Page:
Demonizing Physicians

The disturbing tendency to try to blame all the problems in health care on physicians seems to be escalating, which shouldn’t be surprising considering the tenor of the recent elections.  The sound-bite mentality supports little else but scapegoating.

John Mandrola, MD, in “The Growing Culture of Hostile Dependency towards Doctors” does a good job of summarizing the problems with demonizing physicians.

You know this: quality health care—real quality, not spreadsheet or Internet quality—stems from basic human-to-human interaction, between patient and doctor. Healthcare reform, with its emphasis on metrics, prevention of fraud and cost-cutting measures has forgotten the basics. Namely, that humans, who have dedicated their life and committed their self-esteem, practice medicine. To take care of people well, doctors need things:

  1. We need face time with the patient—not with a computer screen.
  2. We need time to listen, to examine and to treat.
  3. We need to feel trusted.
  4. We need our self-esteem.
  5. We need leeway to be human.
  6. And of course, we need to be paid a fair wage for the years of training that it took to acquire these skills.

In his discussion of hostility towards physicians, Dr. Mandrola referred to a blog post by Dr. Westby G. Fisher, “The Growing Culture of Hostile Dependency Toward Caregivers.”  Dr. Fisher had been offended by a The Wall Street Journal’s promotion of a book under the newspaper headline: “How to Stop Hospitals from Killing Us.” The following passage is from Dr. Fishers’s editorial letter to the Wall Street Journal, which this esteemed newspaper chose not to publish:

I am seeing a culture of hostile dependency growing toward caregivers.  The theme is like an adolescent who realizes his parents have feet of clay.  He comes out of his childhood bubble and realizes his parents have failures and limitations because they are human beings.  This results in the adolescent feeling unsafe, unprotected and vulnerable. Since this is not a pleasant feeling, narcissistic rage is triggered toward the people he needs and depends on the most.  None of this occurs at a conscious level.  Most of us understand this behavior simply as “adolescent rebellion,” not understanding the powerful issues at play. So when we spotlight one side of the patient safety story without acknowledging the realities health care workers face like looming staffing shortages and pay cuts, we risk fanning the flames of narcissistic rage against the very caregivers whom we depend on the most—the very caregivers who are striving to do more with less, check boxes while still looking in the patient’s eyes, meet productivity ratios, all while working in a highly litigious environment.  Why would we do this and why would we allocated money as Dr. Makary suggests, for punitive top-down solutions instead of spending that same money on supporting and educating our frontline providers?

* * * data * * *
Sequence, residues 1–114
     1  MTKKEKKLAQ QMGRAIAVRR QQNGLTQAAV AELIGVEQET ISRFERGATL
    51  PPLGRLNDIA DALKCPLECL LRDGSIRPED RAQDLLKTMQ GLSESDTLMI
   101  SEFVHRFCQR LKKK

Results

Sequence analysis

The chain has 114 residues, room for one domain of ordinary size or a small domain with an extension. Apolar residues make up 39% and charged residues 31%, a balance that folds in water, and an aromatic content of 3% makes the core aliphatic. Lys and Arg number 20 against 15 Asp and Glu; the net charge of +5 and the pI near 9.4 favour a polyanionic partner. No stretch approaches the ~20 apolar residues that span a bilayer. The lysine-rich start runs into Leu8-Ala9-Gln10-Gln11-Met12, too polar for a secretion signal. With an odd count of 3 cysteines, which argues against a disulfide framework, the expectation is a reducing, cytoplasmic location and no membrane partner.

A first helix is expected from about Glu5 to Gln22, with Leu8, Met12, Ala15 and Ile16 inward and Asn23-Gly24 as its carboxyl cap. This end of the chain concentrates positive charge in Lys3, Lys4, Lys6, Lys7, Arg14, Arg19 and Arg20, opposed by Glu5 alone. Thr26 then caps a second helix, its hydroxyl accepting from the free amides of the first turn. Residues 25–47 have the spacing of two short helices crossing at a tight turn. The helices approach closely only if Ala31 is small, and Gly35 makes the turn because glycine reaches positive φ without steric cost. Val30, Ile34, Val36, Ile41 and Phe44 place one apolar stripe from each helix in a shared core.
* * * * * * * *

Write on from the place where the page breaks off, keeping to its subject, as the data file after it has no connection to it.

The problems with the costs and quality of health care are exceedingly complex. So complex that they really can’t be definitively defined, much in the manner of Heisenberg’s Uncertainty Principle.  In the Canadian Family Physician,  Dr. Diane Kelsell’s “Uncertainty Principle,” she tells the story of a patient who survived the unsurvivable. Sometimes a patient’s response may not follow the norm and physicians may be unable to explain why.

Physicians are part of the health care system, but they are not the cause of the dysfunction of our health care system.  As I have so often written here, blaming the physician for proscribed behavior is blaming the physician for practice patterns over which they often have very little control.

Yes, here comes my punch line again.  The treating physician is the practitioner who knows the patients and who can offer treatment plans based upon patient needs. But Medicare, federal regulations, and insurances have substituted check lists of treatment options which may or may not fit the patient needs. It’s time to stop blaming physicians for treatment options over which they have very little control.

As Dr. Mandrola says of physicians, “we need them to listen, examine, and treat.” There are no easy, clearcut answers to the problem of our dysfunctional health care system. Health care reform, to be successful, will have to largely return medical decision-making to the persons most qualified to diagnose and treat health issues—physicians in cooperation with their patients.

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